Piubelli C.,Glaxo Smith Kline Medicine Research Center |
Vighini M.,Glaxo Smith Kline Medicine Research Center |
Mathe A.A.,Karolinska Institutet |
Domenici E.,Glaxo Smith Kline Medicine Research Center |
Carboni L.,Glaxo Smith Kline Medicine Research Center
International Journal of Neuropsychopharmacology | Year: 2011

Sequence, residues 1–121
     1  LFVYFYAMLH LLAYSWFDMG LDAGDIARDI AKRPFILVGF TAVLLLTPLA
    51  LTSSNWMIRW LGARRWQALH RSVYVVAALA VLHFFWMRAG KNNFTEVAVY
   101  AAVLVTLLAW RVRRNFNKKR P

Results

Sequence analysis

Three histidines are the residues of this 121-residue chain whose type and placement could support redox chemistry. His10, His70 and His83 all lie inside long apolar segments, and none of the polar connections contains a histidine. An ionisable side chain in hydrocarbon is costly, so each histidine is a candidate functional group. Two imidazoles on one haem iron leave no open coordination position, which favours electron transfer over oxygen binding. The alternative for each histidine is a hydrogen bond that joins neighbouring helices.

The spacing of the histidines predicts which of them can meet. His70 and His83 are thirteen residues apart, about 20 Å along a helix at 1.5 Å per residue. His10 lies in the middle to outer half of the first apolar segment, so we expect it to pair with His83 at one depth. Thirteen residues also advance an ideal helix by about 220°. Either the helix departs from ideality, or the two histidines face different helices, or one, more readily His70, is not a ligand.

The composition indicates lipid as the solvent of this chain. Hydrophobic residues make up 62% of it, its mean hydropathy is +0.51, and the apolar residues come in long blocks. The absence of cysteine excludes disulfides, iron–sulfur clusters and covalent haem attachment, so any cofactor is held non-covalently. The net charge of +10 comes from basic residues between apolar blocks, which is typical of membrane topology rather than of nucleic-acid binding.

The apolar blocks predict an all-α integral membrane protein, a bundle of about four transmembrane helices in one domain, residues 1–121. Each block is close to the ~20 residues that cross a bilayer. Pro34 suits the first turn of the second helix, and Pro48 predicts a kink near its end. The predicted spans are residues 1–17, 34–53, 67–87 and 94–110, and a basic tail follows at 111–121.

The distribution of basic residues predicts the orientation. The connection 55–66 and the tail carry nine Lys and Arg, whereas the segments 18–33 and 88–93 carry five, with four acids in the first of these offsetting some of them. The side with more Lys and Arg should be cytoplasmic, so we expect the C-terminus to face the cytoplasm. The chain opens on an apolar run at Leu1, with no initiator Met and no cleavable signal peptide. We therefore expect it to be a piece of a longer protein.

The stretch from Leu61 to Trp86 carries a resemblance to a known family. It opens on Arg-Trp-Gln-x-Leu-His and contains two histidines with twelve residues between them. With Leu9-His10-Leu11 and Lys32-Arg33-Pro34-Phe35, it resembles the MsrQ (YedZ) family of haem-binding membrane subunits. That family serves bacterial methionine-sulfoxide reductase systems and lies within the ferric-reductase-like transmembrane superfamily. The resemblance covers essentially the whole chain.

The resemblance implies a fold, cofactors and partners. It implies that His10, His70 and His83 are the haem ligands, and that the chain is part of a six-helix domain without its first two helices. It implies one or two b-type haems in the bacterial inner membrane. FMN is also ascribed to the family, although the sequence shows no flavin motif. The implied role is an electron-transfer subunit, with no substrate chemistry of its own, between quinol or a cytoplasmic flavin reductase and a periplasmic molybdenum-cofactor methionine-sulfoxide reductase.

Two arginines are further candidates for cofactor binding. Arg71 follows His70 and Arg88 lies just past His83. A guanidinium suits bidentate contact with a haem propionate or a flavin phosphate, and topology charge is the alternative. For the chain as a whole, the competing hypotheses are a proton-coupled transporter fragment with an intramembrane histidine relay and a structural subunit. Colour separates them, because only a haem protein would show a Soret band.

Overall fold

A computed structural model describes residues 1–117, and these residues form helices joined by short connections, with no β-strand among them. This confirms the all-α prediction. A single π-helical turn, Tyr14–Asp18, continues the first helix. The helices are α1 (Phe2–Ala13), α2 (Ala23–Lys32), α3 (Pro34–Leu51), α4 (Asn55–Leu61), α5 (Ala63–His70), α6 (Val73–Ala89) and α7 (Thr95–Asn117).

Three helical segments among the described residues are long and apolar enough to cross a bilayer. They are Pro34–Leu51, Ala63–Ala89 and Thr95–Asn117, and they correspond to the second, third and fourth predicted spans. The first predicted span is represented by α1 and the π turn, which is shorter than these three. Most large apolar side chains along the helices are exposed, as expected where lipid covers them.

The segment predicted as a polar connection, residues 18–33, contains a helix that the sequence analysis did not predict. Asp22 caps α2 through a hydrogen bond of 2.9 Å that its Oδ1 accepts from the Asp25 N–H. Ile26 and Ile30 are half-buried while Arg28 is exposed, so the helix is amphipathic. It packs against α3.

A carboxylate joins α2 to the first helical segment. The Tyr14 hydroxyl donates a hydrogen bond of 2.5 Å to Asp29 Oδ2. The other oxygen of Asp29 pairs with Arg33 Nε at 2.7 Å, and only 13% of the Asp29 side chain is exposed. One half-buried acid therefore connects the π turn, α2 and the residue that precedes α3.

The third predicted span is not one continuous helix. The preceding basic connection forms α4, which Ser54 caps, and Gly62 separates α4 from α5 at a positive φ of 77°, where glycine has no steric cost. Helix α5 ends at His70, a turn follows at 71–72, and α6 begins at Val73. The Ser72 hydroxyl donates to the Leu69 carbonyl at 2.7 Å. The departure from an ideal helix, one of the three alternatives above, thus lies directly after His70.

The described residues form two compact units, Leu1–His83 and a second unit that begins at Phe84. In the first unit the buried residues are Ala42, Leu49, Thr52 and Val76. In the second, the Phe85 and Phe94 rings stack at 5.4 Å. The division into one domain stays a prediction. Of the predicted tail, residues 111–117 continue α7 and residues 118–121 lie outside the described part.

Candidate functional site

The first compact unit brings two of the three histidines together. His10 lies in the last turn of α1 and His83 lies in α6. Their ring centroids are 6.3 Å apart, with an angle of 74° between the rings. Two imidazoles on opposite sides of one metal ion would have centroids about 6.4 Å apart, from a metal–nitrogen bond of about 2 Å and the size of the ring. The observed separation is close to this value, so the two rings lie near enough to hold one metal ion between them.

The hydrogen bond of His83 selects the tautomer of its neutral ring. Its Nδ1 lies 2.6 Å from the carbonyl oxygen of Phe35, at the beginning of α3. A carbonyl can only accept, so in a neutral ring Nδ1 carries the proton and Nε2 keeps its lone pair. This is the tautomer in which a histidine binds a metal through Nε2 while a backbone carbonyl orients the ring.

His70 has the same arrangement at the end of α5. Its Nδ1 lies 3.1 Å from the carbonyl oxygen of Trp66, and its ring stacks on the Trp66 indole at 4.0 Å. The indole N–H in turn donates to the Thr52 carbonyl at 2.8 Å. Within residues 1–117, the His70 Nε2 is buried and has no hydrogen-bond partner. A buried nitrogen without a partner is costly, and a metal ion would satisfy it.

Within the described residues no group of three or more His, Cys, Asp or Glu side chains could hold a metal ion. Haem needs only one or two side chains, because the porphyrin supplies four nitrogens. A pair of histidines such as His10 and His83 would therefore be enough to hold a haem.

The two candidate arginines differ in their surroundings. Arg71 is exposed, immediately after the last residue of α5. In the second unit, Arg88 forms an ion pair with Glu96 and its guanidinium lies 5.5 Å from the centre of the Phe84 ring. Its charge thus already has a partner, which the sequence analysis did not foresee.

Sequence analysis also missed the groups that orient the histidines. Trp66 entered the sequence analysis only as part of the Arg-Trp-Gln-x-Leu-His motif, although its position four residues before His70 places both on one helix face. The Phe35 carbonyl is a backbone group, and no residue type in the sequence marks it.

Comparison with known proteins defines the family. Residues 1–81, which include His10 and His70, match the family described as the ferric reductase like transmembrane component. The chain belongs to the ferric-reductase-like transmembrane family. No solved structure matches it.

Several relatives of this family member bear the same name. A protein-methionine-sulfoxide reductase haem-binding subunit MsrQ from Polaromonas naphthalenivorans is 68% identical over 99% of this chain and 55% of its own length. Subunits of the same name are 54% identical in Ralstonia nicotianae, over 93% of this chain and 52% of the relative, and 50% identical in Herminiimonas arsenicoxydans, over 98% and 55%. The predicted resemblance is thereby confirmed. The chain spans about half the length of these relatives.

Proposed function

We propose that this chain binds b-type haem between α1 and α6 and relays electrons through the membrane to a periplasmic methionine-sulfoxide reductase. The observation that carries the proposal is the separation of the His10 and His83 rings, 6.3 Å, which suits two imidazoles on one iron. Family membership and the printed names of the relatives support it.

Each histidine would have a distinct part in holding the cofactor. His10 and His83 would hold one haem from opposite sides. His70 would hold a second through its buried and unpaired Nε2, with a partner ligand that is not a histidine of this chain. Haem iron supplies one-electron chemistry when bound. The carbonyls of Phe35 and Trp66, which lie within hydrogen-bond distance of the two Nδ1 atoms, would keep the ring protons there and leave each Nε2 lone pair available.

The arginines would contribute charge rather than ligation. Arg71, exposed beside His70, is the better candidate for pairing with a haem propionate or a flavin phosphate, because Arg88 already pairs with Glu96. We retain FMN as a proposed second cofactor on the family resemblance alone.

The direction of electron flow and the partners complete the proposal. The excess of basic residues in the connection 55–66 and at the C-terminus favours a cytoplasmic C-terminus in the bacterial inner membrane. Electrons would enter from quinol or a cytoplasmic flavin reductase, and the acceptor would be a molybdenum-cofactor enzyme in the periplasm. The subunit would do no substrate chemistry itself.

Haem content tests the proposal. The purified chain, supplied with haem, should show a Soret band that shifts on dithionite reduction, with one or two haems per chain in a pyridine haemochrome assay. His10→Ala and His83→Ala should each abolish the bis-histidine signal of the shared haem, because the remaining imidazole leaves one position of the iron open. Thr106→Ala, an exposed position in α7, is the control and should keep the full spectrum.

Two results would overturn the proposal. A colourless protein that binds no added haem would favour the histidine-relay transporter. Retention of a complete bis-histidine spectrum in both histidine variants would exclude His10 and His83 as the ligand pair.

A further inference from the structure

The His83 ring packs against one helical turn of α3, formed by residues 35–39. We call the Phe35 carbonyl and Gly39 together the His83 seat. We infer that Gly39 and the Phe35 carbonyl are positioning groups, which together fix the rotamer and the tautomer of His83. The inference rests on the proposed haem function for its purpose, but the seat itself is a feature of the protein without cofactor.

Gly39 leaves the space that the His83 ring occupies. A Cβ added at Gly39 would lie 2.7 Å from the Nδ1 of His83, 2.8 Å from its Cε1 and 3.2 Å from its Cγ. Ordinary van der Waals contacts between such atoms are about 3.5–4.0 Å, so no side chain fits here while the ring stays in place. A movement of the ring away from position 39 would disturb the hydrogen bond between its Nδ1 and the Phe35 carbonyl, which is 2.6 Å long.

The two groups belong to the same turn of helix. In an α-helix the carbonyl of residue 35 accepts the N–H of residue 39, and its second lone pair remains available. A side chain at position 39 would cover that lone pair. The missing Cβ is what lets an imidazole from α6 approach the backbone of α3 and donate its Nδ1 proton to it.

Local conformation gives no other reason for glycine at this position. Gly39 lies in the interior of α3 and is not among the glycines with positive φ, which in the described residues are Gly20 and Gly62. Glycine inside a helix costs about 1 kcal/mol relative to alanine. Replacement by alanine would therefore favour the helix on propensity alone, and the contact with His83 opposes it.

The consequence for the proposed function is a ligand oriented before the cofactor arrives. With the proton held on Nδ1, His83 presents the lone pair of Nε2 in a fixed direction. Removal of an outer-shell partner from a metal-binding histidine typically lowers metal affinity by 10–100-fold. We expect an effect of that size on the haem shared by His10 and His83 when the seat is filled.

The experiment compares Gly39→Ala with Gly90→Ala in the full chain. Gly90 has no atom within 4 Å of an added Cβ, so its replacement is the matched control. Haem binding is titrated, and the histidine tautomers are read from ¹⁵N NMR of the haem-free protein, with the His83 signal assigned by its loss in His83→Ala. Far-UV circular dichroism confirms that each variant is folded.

The wide-scale analysis of protein expression provides a powerful strategy for the molecular exploration of complex pathophysiological mechanisms, such as the response to antidepressants. Using a 2D proteomic approach we investigated the Flinders Sensitive Line (FSL), a genetically selected rat model of depression, and the control Flinders Resistant Line (FRL). To evaluate geneâ€"environment interactions, FSL and FRL pups were separated from their mothers for 3 h (maternal separation, MS), as early-life trauma is considered an important antecedent of depression. All groups were treated with either escitalopram (Esc) admixed to food (25 mg/kg.d) or vehicle for 1 month. At the week 3, forced swim tests were performed. Protein extracts from prefrontal/frontal cortex and hippocampus were separated by 2D electrophoresis. Proteins displaying statistically significant differences in expression levels were identified by mass spectrometry. Immobility time values in the forced swim test were higher in FSL rats and reduced by antidepressant treatment. Moreover, the Esc-induced reduction in immobility time was not detected in MS rats. The impact of genetic background in response to Esc was specifically investigated here. Bioinformatics analyses highlighted gene ontology terms showing tighter associations with the modulated proteins. Esc modulated protein belonging to cytoskeleton organization in FSL; carbohydrate metabolism and intracellular transport in FRL. Proteins differently modulated in the two strains after MS and Esc play a role in cytoskeleton organization, vesicle-mediated transport, apoptosis regulation and macromolecule catabolism. These findings suggest pathways involved in neuronal remodelling as molecular correlates of response to antidepressants in a model of vulnerability. © 2011 CINP.